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This pairing of two smart and interesting women is my first done on a volunteer basis: after the first column ran back in December, Miranda Merklein and Jessica Lawless emailed me (independently of each other) to ask if they could participate. I knew Miranda somewhat from Twitter, but Jessica not at all. Miranda requested to be paired with Jessica, in part because they’re both writers who already knew each other. Their experiences of creative performances, gender roles, teaching, and what Jessica calls below “the brick ceiling laid over our heads at every turn as we tried to build careers” make them ideal participants for the kinds of discussions I’m trying to generate in this column.

Their backgrounds:

Jessica Lawless is adjunct faculty at Santa Fe Community College, where she teaches gender and culture studies courses and also volunteer service courses. Before that she taught media studies, video production, American studies, and studio art courses at the University of California at Irvine, California State at Fullerton, Pitzer College, Scripps College, and Claremont Graduate University. She has a B.A. in visual art from Antioch College, an M.A. in cultural studies from Claremont Graduate University, and an M.F.A. in Studio Art from UC Irvine. Another lifetime ago she co-founded the organization Home Alive in Seattle. She is a regular contributor to Make/Shift Magazine: Feminisms in Motion. She lives in Santa Fe, New Mexico, with her partner Von and two fabulous cats, Sadie Viva and Coco Glamor, where she writes, makes art, and volunteers with the Transgender Resource Center of New Mexico, when she isn’t looking for work.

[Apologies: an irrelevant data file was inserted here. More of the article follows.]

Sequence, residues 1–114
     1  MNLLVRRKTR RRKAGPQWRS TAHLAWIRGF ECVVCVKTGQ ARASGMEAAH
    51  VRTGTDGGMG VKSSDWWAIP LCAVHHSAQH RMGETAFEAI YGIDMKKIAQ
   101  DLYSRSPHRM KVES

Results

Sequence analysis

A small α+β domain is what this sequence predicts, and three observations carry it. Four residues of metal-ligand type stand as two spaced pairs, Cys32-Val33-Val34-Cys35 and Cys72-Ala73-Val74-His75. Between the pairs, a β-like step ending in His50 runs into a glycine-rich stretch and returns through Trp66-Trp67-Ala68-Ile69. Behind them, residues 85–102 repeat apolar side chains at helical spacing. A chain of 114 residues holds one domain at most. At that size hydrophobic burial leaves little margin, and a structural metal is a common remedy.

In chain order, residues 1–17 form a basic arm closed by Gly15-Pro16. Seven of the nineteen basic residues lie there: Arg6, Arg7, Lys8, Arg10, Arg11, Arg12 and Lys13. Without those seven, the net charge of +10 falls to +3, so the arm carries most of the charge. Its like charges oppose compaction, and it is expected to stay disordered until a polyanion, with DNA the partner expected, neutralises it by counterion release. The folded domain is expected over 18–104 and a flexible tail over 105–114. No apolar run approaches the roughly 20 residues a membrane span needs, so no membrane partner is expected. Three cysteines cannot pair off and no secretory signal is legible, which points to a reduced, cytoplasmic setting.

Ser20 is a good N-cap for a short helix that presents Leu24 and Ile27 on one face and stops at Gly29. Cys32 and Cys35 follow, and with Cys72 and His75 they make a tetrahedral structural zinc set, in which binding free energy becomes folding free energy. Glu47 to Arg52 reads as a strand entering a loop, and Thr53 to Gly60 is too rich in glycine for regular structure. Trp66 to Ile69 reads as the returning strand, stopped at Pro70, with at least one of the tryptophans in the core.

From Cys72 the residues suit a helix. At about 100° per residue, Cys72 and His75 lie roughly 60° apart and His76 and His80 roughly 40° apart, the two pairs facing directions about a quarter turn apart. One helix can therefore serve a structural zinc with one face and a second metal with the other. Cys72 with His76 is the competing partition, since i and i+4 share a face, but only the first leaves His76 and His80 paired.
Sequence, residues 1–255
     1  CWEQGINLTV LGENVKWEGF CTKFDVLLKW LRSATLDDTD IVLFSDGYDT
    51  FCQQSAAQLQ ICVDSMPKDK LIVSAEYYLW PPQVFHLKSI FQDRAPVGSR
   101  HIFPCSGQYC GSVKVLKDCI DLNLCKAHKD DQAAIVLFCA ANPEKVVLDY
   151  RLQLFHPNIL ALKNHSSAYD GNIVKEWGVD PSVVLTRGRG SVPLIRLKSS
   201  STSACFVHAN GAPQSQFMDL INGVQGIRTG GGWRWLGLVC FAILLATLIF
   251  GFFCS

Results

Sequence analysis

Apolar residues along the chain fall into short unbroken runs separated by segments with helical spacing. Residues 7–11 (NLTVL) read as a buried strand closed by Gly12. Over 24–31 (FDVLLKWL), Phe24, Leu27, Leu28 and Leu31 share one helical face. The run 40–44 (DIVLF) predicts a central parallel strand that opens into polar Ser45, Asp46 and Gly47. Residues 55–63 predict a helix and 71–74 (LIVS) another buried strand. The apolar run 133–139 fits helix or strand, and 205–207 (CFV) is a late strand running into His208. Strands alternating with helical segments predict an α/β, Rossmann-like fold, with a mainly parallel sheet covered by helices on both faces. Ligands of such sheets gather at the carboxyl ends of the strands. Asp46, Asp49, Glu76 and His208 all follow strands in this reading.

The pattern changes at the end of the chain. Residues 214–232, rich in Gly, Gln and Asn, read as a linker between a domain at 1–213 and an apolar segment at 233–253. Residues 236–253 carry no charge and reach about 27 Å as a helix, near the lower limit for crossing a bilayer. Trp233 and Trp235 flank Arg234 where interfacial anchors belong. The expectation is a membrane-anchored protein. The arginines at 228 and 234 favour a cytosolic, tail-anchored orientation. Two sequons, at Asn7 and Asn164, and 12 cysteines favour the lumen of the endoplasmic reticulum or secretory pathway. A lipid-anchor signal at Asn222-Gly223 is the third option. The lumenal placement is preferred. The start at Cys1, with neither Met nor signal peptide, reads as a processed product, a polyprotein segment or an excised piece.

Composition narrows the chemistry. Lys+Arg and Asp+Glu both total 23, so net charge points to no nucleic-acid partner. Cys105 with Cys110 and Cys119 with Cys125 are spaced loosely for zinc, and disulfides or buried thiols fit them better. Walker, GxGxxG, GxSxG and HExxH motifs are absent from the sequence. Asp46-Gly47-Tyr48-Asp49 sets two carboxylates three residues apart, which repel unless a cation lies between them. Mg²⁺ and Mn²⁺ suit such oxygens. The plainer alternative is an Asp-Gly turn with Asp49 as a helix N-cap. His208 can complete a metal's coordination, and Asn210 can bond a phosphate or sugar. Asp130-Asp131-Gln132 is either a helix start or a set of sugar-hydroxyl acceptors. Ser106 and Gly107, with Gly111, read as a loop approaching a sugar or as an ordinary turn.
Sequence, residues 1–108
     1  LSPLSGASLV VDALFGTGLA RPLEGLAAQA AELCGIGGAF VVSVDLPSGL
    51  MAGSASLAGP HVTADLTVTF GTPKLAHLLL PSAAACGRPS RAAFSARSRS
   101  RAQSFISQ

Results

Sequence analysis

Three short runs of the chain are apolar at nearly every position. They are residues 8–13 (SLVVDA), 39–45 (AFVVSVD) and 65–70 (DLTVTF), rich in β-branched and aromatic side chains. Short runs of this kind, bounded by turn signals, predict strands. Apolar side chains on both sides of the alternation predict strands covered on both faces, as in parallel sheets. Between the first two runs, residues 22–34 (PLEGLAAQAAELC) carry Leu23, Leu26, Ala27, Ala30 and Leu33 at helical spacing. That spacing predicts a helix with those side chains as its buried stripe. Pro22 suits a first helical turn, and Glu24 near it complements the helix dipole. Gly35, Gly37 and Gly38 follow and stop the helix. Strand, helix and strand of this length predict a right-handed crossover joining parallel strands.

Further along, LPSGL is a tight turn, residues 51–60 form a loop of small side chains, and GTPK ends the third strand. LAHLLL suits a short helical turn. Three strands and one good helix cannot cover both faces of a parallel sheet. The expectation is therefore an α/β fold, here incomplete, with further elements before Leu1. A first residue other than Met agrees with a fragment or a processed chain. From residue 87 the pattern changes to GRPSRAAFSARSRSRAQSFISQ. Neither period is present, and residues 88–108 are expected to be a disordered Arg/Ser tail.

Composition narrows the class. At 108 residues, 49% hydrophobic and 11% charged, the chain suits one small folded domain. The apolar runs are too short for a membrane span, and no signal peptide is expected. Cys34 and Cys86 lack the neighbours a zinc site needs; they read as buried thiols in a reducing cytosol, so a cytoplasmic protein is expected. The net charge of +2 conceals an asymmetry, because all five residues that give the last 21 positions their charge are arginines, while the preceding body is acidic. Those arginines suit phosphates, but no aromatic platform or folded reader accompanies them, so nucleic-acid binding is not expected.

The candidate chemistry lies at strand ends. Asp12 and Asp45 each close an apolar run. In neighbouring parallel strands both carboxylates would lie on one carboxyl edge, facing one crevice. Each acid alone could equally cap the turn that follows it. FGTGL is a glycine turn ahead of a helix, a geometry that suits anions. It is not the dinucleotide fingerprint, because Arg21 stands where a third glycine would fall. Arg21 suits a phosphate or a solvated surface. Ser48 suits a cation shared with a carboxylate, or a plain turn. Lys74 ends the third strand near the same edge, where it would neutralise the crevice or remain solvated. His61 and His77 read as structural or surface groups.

Miranda Merklein teaches between six and seven English composition, literature, and developmental courses per semester between Northern New Mexico College and Santa Fe Community College. Previously she worked as a freelance journalist, staff reporter and photographer at a number of publications in New Mexico. She is also a mixed-genre creative writer, producing work she calls “prosery.” She has a Ph.D. in English/creative writing from University of Southern Mississippi, an M.A. in liberal arts from St. John’s College and a B.A. in political science from College of Santa Fe. She owes $160,000 in student loans.

Miranda Asks Jessica

MM: Where did you think your education was going to lead you and where are you in that career path?

JL: I was in my 30s when I started grad school. I was working my way out of some tough situations, being homeless, on welfare, and living in a domestic violence shelter. I also was engaged in grassroots feminist and anti-violence work, building a collective organization in response to a friend's rape and murder. I had friends and mentors who were professors, artists, and activists; their lives looked great to me. I thought having graduate degrees — and teaching at the college level — would be a way to have a stable income while staying engaged in art and activism. I had a lot of work to do to package myself as academically viable, but I did. I earned an M.A. in cultural studies and an M.F.A. in studio art, my terminal degree.